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Remote Sens. 2013, 5(12), 6223-6240; doi:10.3390/rs5126223

Satellite Regional Cloud Climatology over the Great Lakes

1,2,* , 3
Received: 8 October 2013 / Revised: 14 November 2013 / Accepted: 15 November 2013 / Published: 25 November 2013
(This article belongs to the Special Issue Optical Remote Sensing of the Atmosphere)
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Thirty-one years of imager data from polar orbiting satellites are composited to produce a satellite climate data set of cloud amount for the Great Lakes region. A trend analysis indicates a slight decreasing trend in cloud cover over the region during this time period. The trend is significant and largest (~2% per decade) over the water bodies. A strong seasonal cycle of cloud cover is observed over both land and water surfaces. Winter cloud amounts are greater over the water bodies than land due to heat and moisture flux into the atmosphere. Late spring through early autumn cloud amounts are lower over the water bodies than land due to stabilization of the boundary layer by relatively cooler lake waters. The influence of the lakes on cloud cover also extends beyond their shores, affecting cloud cover and properties far down wind. Cloud amount composited by wind direction demonstrate that the increasing cloud amounts downwind of the lakes is greatest during autumn and winter. Cold air flows over relatively warm lakes in autumn and winter generate wind parallel convective cloud bands. The cloud properties of these wind parallel cloud bands over the lakes during winter are presented.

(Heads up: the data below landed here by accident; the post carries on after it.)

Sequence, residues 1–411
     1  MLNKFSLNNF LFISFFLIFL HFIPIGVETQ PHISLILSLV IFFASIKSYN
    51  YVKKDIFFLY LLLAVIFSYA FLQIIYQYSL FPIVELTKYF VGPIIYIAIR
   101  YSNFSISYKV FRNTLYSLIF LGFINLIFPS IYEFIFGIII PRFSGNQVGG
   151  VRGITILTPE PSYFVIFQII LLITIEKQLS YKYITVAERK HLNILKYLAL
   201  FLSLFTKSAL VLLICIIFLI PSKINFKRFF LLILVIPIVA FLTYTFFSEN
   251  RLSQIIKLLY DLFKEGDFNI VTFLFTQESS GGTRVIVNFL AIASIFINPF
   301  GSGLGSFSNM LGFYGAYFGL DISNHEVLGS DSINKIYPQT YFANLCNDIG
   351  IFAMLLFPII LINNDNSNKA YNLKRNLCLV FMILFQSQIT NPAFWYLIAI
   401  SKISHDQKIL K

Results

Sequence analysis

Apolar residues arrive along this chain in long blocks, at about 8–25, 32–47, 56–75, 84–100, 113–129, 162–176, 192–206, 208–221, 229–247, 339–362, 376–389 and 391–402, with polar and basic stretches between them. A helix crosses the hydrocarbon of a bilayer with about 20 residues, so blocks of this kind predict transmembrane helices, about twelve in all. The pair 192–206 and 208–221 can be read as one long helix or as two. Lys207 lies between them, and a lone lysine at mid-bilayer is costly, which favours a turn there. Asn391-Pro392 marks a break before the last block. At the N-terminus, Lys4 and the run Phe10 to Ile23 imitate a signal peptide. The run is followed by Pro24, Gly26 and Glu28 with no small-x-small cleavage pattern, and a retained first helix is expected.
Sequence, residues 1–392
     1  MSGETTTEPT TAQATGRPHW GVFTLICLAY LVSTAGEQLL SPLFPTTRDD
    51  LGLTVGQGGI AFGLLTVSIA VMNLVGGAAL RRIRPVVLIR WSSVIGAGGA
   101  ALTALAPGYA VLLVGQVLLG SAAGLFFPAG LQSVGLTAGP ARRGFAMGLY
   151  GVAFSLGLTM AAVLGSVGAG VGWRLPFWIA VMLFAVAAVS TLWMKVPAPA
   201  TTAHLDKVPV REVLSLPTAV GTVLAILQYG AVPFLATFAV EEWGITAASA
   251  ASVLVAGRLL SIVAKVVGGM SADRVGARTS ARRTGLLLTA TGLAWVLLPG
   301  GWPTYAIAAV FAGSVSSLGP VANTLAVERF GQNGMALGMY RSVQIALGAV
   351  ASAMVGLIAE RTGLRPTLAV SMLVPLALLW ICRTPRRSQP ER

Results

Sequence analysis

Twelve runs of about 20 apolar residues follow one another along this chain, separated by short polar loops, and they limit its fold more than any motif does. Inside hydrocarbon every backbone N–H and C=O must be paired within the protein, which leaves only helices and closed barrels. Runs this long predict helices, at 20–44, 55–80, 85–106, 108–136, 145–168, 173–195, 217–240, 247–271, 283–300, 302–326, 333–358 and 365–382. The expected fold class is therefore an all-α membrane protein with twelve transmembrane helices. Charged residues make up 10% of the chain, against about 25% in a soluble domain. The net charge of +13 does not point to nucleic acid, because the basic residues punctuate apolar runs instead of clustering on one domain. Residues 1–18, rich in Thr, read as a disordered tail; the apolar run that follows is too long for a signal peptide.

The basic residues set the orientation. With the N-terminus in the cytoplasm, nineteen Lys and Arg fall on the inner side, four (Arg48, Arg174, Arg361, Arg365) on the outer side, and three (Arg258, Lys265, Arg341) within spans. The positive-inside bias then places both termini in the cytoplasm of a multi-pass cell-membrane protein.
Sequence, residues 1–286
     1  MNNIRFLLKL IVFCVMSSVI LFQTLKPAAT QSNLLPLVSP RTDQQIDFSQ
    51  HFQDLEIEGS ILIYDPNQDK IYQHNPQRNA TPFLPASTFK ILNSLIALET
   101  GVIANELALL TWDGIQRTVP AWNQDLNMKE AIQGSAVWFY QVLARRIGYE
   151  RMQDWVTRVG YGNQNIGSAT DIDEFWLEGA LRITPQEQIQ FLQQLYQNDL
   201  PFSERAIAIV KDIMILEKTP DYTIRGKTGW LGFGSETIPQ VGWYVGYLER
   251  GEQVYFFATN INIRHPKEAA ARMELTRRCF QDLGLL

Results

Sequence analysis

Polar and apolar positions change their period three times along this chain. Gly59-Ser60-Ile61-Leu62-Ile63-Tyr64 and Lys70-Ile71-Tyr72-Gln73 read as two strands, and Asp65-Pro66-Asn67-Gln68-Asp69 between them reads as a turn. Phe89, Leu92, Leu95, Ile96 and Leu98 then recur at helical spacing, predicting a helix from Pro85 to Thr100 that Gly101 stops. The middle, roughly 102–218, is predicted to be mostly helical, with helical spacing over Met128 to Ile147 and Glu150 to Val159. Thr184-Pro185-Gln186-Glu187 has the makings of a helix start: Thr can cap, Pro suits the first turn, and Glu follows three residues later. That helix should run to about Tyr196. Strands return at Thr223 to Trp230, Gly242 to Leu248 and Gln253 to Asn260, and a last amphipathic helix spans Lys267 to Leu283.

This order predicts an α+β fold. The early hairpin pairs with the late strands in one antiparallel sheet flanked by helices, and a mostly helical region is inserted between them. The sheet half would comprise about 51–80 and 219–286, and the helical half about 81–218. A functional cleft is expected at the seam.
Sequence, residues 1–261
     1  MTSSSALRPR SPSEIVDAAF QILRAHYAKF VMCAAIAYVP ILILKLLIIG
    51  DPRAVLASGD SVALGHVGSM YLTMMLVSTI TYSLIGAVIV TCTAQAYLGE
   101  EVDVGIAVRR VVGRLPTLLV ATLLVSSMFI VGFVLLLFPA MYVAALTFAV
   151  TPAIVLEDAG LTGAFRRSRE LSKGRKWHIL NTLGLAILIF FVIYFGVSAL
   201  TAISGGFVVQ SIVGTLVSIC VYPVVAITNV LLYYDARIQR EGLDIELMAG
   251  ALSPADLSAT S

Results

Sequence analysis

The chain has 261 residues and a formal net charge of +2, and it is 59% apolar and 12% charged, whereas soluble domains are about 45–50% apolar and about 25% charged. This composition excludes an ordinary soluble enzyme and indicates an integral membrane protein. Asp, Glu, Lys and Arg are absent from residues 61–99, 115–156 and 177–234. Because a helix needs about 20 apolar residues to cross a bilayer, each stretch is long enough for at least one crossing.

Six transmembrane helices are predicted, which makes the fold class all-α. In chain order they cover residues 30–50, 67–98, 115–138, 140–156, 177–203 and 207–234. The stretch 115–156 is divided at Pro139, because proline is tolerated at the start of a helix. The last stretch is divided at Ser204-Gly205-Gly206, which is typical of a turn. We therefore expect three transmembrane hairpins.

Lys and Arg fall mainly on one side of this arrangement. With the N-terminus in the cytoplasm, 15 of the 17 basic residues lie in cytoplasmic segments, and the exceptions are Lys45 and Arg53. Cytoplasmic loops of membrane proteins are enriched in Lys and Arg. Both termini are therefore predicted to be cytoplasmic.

Keywords: cloud cover; satellite cloud observations; Great Lakes cloud cover; satellite cloud observations; Great Lakes
This is an open access article distributed under the Creative Commons Attribution License which permits unrestricted use, distribution, and reproduction in any medium, provided the original work is properly cited.

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Ackerman, S.A.; Heidinger, A.; Foster, M.J.; Maddux, B. Satellite Regional Cloud Climatology over the Great Lakes. Remote Sens. 2013, 5, 6223-6240.

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